ISL101 Islamic Studies I (2 Credit Hours)
Introduces Islamic culture and stresses its importance and contribution to humanity. It addresses Sharia Law in terms of sources, underpinnings, and objectives. It also instills in students and enhances faith in its viability and all-inclusiveness. The course counts for the social science component of the university general education requirements.
Pre-requisites: None Co-requisites: None

ISL112 Islamic Studies II (2 Credit Hours)
Discusses both community and family systems in Islam, their groundedness, and reform mechanisms. It examines the problems they encounter, and shatters misconceptions. It also presents the injunction of the Sharia Law in pertinent contexts. The course counts for the social science component of the university general education requirements.
Pre-requisites: ISL 101 Co-requisites: None

ARB 101 Arabic Language I (2 Credit Hours)
Concentrates on developing Arabic language skills in areas related to paragraph writing, orthography, punctuation, style, vocabulary, and conversation in Standard Arabic. It also enhances student's literary appreciation ability and provides morphological and syntactic insight into text analysis. This course counts for a Humanities course in the University's General Education Requirements. 
Pre-requisites: None Co-requisites: None

ARB 112 Arabic Language II (2 Credit Hours)
Focuses on developing student's Arabic language skills to higher proficiency levels in various domains, including essay writing, conversation and discussion in Standard Arabic, text analysis, style, and lexical repertoire. The course also introduces the different literary schools and their respective characteristics. It counts for a Humanities course in the University's General Education Requirements.
Pre-requisites: ARB 101 Co-requisites: None

Freshman English 1 (ENG101 A) - 3 Credit Hours
ENG101 B Freshman English 1 2 Credit Hours (CoM)
Freshman English 101 (A/B) Is a skill-based writing-intensive course that develops the student's abilities in the following: basic research, effective written expression in essay and report writing, text analysis and deconstruction – all with a focus on the use of these skills in their chosen pathways. The course has a vocabulary development focus as an addendum – whereby students trace the development of meaning through the etymological origins of the language, through the contribution of Arabic, to the influence of other languages. This serves as the basis for conceptual and PBL-based research on the concepts that underpin terminology in the Engineering, Science, Medicine and Business pathways. The course counts for a Humanities course in the University's General Education Requirements.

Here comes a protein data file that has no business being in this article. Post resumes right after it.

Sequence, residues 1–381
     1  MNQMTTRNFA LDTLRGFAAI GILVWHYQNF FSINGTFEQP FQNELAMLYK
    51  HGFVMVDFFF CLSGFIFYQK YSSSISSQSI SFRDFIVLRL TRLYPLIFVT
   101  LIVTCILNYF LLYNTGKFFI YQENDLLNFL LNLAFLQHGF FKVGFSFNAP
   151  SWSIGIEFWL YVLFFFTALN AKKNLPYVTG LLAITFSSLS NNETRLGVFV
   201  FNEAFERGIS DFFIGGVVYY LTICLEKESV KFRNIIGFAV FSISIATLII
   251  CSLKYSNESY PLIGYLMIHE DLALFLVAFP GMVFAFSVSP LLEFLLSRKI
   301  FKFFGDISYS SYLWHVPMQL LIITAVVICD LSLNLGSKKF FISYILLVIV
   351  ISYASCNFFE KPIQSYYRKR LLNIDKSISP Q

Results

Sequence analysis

Pre-requisites: None  Co-requisites: None

Freshman English II (ENG 112A) - 3 Credit Hours
ENG 112B Freshman English II 2 Credit Hours (CoM
Freshman English II (A/B) is a skills-based course developing student's abilities in problem-solving and research-based enquiry and the presentation of findings according to international publication ("house style") requirements. The course looks at second language acquisition and cultural rhetoric as a prelude to an examination of general oral and written discourse (in argumentation and persuasion) generally, and, specifically in the students' pathway studies. It also focuses on reading comprehension and structure skills, plus test-taking competencies, requisite for the attainment of TOEFL 650 scores. The course counts for a Humanities course in the University's General Education Requirements.